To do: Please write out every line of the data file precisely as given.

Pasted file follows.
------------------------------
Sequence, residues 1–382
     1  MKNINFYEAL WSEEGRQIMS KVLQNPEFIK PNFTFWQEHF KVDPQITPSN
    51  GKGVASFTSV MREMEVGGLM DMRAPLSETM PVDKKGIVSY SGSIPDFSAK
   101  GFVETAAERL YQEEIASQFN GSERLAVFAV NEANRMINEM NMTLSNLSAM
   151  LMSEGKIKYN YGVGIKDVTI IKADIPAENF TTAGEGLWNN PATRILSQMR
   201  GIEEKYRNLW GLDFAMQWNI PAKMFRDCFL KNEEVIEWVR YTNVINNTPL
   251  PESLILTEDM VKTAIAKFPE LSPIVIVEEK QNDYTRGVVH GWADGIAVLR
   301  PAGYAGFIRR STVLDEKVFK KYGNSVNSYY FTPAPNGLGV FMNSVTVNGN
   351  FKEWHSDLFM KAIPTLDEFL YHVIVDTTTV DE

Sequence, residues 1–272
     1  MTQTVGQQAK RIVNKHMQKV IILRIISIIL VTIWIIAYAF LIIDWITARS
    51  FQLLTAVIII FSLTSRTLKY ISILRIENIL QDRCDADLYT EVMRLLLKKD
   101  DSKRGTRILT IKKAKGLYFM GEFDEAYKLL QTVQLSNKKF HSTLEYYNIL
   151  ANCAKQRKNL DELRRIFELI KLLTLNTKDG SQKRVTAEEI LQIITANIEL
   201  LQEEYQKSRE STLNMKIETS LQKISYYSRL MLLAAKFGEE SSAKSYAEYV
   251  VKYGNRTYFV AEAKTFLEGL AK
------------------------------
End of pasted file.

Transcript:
Sequence, residues 1–382
     1  MKNINFYEAL WSEEGRQIMS KVLQNPEFIK PNFTFWQEHF KVDPQITPSN
    51  GKGVASFTSV MREMEVGGLM DMRAPLSETM PVDKKGIVSY SGSIPDFSAK
   101  GFVETAAERL YQEEIASQFN GSERLAVFAV NEANRMINEM NMTLSNLSAM
   151  LMSEGKIKYN YGVGIKDVTI IKADIPAENF TTAGEGLWNN PATRILSQMR
   201  GIEEKYRNLW GLDFAMQWNI PAKMFRDCFL KNEEVIEWVR YTNVINNTPL
   251  PESLILTEDM VKTAIAKFPE LSPIVIVEEK QNDYTRGVVH GWADGIAVLR
   301  PAGYAGFIRR STVLDEKVFK KYGNSVNSYY FTPAPNGLGV FMNSVTVNGN
   351  FKEWHSDLFM KAIPTLDEFL YHVIVDTTTV DE

Sequence, residues 1–272
     1  MTQTVGQQAK RIVNKHMQKV IILRIISIIL VTIWIIAYAF LIIDWITARS
    51  FQLLTAVIII FSLTSRTLKY ISILRIENIL QDRCDADLYT EVMRLLLKKD
   101  DSKRGTRILT IKKAKGLYFM GEFDEAYKLL QTVQLSNKKF HSTLEYYNIL
   151  ANCAKQRKNL DELRRIFELI KLLTLNTKDG SQKRVTAEEI LQIITANIEL
   201  LQEEYQKSRE STLNMKIETS LQKISYYSRL MLLAAKFGEE SSAKSYAEYV
   251  VKYGNRTYFV AEAKTFLEGL AK